POTUS stops in Austin for tacos and technology By Kelsey Bradshaw EDITOR-IN-CHIEF @kbrad5

The leaders of Texas have suppressed voters in Texas and it is up to the people to fix, President Barack Obama said at South by Southwest Interactive festival in an interview with CEO and Editorin-Chief of the Texas Tribune Evan Smith. In what might of been his last visit to Austin while in office, Obama spoke on using technology to encourage more civic participation, including voting. “The folks who are currently governing the good ole’ state of Texas aren’t interested in having more people participating,” Obama said alluding to Texas’ harsh voter ID laws, the most restrictive in the country. The law requires most citizens to show multiple permissable photo identification before their election ballots can be counted. Texas voters aren’t allowed to register online, because the secretary of state requires a physical signature on registration forms, a problem Obama said was the cause of the state’s low voter turnout. Texas ranked second to last

among the 12 states that have already held presidential primaries with only 21.5 percent of those 18 or older voting. “It is much easier for us to order a pizza or a trip than it is for you to exercise the single most important task in democracy,” he said. “Look, Texas is never going be an early adopter of what I’m talking about here, but over time, pressure builds for us to create systems that make government more responsive and make it work better,” he said. The president declined to comment on the Federal Bureau of Investigation and Apple dispute over whether or not the tech company should have federal access to a person’s private phone, like in the case of the San Bernadino shooters. He did say, however, the he didn’t think the government should be able to go through people’s phones all “willy-nilly.” “(We) have to make decisions about how do we balance these respective risks,” Obama said. He added that unemployment rates are down to 5 percent. “Thanks, Obama,” he quipped. When Smith said that they

President Barack Obama arrives at Austin-Bergstrom International Airport March 11.

were out of time, Obama responed by saying, “I’m the president, so I’m going to take one more question.” Obama, in the last year of his time in office, said that being president has been the greatest honor of his life. “It’s not like I’m going to stop being involved in pro-

moting the best, most prosperous, most peaceful, most tolerant, most ecologically responsible American that I can,” Obama said. “I’ll be sitting in an audience with you. And I expect you to step up because the country needs you. If the brainpower and talent that’s on display today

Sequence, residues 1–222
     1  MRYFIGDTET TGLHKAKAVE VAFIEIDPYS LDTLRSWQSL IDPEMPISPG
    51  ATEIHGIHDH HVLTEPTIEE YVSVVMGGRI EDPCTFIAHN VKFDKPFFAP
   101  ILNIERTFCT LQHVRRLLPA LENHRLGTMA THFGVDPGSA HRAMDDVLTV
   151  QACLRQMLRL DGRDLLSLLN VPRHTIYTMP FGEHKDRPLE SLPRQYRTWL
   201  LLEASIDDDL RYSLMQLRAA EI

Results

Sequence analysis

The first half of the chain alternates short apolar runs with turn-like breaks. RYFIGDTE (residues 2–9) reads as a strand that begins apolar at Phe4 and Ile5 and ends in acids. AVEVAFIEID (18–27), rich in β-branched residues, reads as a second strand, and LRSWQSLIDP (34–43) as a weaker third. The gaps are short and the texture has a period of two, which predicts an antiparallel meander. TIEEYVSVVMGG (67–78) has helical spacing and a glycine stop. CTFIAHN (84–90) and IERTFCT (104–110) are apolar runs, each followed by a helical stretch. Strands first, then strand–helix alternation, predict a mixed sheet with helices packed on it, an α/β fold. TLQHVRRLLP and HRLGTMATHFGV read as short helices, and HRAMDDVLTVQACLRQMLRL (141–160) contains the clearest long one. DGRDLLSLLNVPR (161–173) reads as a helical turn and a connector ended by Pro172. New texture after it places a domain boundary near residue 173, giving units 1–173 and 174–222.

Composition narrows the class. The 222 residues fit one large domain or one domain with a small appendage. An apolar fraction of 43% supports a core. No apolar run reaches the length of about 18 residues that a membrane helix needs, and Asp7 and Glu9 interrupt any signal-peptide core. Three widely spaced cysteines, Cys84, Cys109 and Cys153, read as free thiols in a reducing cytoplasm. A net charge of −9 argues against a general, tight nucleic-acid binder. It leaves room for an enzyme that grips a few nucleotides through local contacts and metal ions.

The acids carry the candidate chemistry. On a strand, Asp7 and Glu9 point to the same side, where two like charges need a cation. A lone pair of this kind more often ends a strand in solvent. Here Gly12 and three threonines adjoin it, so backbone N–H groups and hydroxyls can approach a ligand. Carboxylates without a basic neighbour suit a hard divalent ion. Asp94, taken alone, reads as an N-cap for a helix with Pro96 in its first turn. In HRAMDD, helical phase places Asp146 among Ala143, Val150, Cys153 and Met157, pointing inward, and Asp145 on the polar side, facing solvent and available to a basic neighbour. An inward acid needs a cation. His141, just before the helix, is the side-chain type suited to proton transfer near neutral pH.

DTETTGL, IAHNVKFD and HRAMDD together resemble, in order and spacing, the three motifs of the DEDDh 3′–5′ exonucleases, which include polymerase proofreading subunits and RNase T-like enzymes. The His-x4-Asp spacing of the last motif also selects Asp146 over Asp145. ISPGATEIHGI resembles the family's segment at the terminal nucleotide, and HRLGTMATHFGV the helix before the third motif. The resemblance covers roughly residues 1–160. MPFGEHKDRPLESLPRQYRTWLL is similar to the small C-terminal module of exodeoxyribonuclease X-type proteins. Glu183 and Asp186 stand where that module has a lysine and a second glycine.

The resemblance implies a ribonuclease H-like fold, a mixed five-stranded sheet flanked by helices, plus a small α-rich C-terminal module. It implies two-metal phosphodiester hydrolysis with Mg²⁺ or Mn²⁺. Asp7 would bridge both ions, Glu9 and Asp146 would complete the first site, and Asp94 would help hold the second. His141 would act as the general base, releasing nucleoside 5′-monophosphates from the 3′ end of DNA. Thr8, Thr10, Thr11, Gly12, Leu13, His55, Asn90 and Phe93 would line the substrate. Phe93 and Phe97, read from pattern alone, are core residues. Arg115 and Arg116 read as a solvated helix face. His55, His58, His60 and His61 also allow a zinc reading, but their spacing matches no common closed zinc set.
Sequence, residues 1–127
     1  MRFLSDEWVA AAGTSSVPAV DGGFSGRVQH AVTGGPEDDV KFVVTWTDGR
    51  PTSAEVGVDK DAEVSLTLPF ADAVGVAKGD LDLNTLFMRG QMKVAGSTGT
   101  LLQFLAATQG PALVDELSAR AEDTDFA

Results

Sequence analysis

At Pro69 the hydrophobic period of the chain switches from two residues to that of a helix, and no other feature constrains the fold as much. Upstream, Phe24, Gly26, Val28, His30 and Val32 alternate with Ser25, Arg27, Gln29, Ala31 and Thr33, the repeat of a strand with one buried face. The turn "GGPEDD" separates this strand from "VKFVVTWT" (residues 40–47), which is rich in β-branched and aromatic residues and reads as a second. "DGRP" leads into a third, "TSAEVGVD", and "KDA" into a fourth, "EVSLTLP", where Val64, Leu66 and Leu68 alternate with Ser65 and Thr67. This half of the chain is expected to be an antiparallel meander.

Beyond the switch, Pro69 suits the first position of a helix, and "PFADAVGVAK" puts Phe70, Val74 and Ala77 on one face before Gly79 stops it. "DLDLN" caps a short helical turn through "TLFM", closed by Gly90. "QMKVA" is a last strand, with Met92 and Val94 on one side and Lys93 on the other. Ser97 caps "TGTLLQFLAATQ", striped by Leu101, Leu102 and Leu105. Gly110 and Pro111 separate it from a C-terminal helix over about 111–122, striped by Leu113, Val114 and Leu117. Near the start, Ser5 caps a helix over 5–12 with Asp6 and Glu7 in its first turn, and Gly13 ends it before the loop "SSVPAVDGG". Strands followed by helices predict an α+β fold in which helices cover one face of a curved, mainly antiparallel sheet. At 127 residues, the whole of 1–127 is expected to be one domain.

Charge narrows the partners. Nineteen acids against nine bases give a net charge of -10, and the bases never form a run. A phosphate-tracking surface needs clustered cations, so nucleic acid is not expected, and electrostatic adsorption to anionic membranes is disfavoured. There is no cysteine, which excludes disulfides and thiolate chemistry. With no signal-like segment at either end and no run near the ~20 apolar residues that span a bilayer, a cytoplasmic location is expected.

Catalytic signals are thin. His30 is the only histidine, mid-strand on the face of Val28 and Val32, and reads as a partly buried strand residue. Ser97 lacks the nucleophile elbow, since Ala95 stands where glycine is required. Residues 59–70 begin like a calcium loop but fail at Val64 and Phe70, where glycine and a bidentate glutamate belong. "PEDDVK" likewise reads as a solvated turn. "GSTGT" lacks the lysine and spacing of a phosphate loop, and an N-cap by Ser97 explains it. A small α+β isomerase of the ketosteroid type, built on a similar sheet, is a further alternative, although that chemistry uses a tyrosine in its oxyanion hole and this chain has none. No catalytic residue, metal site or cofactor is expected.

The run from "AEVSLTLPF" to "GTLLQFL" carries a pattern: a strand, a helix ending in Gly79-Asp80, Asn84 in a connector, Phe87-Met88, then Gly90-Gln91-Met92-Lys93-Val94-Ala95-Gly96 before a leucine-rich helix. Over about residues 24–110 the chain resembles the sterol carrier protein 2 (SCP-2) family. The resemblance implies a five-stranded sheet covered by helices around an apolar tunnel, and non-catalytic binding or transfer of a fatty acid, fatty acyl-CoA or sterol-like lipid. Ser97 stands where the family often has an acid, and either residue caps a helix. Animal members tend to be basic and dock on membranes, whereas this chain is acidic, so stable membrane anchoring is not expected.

and throughout the conference takes up that baton, then I’m going to be really confident about the future of this country.” Obama’s SXSW appearance was the first time in the festival’s 30-year history that a sitting president attended and spoke. Before his


panel, he picked up lunch at Torchy’s Tacos ordering a Democrat, Republican and Independent taco. Before leaving Austin, Obama spoke at a Democratic National Committee reception and a private event in Tarrytown before flying to Dallas.

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‘Beware the Slenderman’ masterfully critiques the repercussions of modern-day meme culture By Brandon Sams OPINIONS EDITOR @TheBrandonSams

“Beware the Slenderman” is a haunting documentary that takes viewers into the minds of children infatuated and eventually consumed by the forces of digital enclaves. Director Irene Taylor Brodsky seeks to answer the question veiled in the burrows of the justice system: what do we do with children who commit heinous crimes? The film details the impact Internet meme culture has on impressionable children in contemporary society by focusing on the near fatal influence of one particular popularity: Slenderman. Slenderman is a faceless, rail thin and abnormally tall figure with elongated limbs. He is often described as the modern-day boogeyman. Slenderman originated on the comedy website Something Awful and since then the stories have taken on a life of their own, often involving stalking, abducting and terrorizing people—namely children. Brodsky decided to waddle down a primrose path to tell the story of 12-yearolds involved in an alleged

murder plot: Anissa Weier and Morgan Geysers, girls who couldn’t decipher fiction from reality. The two allegedly conspired to murder a friend all in the hopes of being welcomed as one of Slenderman’s “proxies.” Going through the psychoses of the young girls and furthering their humanization seemed to be common themes. The film includes personal interviews with the parents of both alleged perpetrators as well as some experts on Internet culture such as famous scientist Richard Dawkins. Brodsky does as any filmmaker would and shifts the blame away from the underage girls. She focuses more on environmental stimuli and mental predispositions that lead the girls to the notorious assault. It was clear she did not want to paint these girls as monsters, but as victims of a society that often lets the Internet become a stand-in for the imaginations of children. The girls may be the ones sitting in a courtroom waiting to be convicted, but the narrative Brodsky sought to depict was more an indictment on society for failing Weier and Geysers. If not in a court